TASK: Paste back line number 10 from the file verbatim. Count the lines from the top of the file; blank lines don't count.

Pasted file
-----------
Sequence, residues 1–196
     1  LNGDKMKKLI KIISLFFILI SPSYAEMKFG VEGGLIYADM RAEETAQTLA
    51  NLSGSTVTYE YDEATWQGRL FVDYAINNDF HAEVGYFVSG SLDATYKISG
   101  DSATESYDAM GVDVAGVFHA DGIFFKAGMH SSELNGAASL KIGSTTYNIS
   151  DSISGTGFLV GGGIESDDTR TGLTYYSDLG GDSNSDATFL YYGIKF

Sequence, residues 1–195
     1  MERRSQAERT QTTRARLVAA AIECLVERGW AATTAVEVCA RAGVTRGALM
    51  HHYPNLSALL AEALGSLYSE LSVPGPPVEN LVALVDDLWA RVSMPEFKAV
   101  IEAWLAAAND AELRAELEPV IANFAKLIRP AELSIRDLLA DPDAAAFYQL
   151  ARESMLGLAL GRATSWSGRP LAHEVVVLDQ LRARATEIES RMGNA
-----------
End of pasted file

   151  ARESMLGLAL GRATSWSGRP LAHEVVVLDQ LRARATEIES RMGNA